Trump's conga line to Demagogue City rollicks on: Neil Macdonald

Donald Trump certainly isn’t the first American politician to traffic in innuendo. But, as Neil Macdonald writes, it’s been decades since any serious contender has turned ugly racial generalizations, the sort of thing that would bring conversation at a polite table to an embarrassed silence, into banner slogans.

U.S. President Barack Obama calls Trump's mindset 'dangerous'

U.S. Republican presidential candidate Donald Trump delivers a campaign speech about national security in Manchester, N.H., in response to the mass shooting at Orlando's Pulse nightclub. (REUTERS)

As even the leadership of his own party tries to deal with Donald Trump's racism – and as jarring as it might be to hear such a term applied to a presumptive presidential nominee, that is by any sensible definition what it is – the strange conga line he's leading rollicks obliviously down the road to Demagogue City, where the facts don't matter, and bigotry is pretty.

In just a few years, Trump has made kooky normal, and race-baiting OK. And millions love him for it.

Does anyone remember the birthers? The people who convinced themselves early in President Barack Obama's first term that he is in fact a Muslim, born in Kenya, posing as an American-born Christian, and therefore not legally in the White House?

They were a cultish bunch, conspiracy nuts really, and provided all sorts of entertaining foolishness until Obama tired of them in 2011 and released the original, long-form version of his birth certificate (it remains on the White House website).

Well, let's not forget: one of the birther movement's leaders was Donald Trump.

"He doesn't have a birth certificate," Trump told Fox News as the birther frenzy peaked. "He may have one, but there's something on that, maybe religion, maybe it says he is a Muslim."

"I am embracing the issue, and I'm proud of the issue," he told MSNBC. "I feel that there is certainly a chance that he was not born in this country. Now, if he were not born in this country, that means he can't be president — it's very simple!"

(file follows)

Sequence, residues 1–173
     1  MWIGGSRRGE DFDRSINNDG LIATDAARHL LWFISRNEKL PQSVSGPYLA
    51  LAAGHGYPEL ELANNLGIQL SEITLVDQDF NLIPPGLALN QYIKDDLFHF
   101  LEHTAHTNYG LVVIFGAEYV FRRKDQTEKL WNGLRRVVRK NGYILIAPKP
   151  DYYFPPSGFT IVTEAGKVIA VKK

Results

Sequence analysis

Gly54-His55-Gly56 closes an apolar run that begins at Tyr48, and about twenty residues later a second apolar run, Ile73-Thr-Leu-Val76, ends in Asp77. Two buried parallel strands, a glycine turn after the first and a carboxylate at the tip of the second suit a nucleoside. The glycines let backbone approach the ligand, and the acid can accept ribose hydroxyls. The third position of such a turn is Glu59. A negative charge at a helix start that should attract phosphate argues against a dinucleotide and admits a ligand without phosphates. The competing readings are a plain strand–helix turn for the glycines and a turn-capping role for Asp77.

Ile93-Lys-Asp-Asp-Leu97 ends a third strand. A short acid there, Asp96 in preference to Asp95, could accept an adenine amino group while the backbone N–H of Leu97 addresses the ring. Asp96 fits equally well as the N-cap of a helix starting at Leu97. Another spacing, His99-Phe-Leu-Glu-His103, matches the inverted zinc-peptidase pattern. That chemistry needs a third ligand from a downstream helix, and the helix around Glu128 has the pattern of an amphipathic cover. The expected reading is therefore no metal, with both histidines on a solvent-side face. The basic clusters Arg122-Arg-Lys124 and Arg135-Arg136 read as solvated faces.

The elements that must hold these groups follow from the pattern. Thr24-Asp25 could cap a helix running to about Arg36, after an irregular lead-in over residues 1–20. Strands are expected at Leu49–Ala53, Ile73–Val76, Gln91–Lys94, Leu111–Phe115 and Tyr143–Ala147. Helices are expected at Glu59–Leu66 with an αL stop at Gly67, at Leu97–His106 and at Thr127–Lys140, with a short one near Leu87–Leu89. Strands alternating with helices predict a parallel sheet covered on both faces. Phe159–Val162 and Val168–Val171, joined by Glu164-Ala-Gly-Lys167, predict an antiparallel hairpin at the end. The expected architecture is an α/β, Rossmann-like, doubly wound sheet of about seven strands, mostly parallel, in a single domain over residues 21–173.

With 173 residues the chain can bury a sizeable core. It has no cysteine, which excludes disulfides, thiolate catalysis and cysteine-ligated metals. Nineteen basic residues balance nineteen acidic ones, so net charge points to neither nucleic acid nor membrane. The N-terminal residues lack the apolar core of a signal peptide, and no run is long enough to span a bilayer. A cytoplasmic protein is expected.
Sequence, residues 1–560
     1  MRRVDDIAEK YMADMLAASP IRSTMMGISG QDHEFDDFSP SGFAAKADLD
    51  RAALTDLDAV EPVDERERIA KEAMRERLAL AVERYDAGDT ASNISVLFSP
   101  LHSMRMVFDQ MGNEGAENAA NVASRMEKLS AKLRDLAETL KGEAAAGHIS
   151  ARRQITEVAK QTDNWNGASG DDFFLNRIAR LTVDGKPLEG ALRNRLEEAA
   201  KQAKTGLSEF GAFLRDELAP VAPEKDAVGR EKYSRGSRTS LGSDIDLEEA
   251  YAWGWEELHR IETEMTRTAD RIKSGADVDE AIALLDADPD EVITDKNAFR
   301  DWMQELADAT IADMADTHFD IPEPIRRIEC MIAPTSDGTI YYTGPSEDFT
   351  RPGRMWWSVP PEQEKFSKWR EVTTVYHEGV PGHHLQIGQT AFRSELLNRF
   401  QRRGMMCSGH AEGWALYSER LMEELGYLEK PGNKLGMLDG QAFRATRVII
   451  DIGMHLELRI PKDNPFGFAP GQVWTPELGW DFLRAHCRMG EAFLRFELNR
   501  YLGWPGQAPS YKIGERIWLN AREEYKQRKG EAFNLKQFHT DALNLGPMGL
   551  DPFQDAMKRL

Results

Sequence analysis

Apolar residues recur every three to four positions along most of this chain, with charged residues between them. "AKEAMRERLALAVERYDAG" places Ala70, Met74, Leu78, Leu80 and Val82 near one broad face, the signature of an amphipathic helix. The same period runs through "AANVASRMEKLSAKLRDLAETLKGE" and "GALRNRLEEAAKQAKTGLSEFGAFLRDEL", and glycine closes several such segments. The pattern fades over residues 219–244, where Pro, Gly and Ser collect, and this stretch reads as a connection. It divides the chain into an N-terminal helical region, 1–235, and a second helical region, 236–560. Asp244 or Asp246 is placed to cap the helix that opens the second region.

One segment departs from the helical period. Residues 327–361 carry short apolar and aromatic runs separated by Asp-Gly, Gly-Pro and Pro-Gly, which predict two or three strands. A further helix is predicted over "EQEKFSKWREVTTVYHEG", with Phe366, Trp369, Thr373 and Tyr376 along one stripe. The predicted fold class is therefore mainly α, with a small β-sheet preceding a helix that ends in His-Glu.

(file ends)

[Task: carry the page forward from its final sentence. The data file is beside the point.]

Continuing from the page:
Trump declared that the document on public record until 2011, Obama's certificate of live birth in Hawaii, meant nothing, and was probably a fraud.
To lay to rest any question as to President Barack Obama's place of birth, his birth certificate was printed on mugs like these that were sold at the Democratic National Committee in 2013.

The concurrent 1961 birth announcements in two Honolulu newspapers, he said, were probably placed as a ruse by Obama's parents to have their Muslim foreigner son accepted as an American.

Then, even after the White House published the actual, long-form birth certificate, Trump tweeted this:

"An 'extremely credible source' has called my office and told me that @BarackObama's birth certificate is a fraud."

Now, anyone who has worked in a newsroom has fielded calls from people, usually late at night, who want to share black-helicopter theories.

The usual protocol is to pay attention for a minute or so, cluck sympathetically, and get off the phone. 

Now, suddenly, one of them is the Republican nominee for president. And it's not as though he's treating the whole birther business as a long-ago bit of nonsensical political punking.

No, just last year, asked if he still thought Obama was born abroad, he replied: "I don't know. I really don't know."

But of course, he's moved on, and doesn't really want to discuss Obama's birthplace anymore. He sure does want to talk about Muslims, though. All Muslims.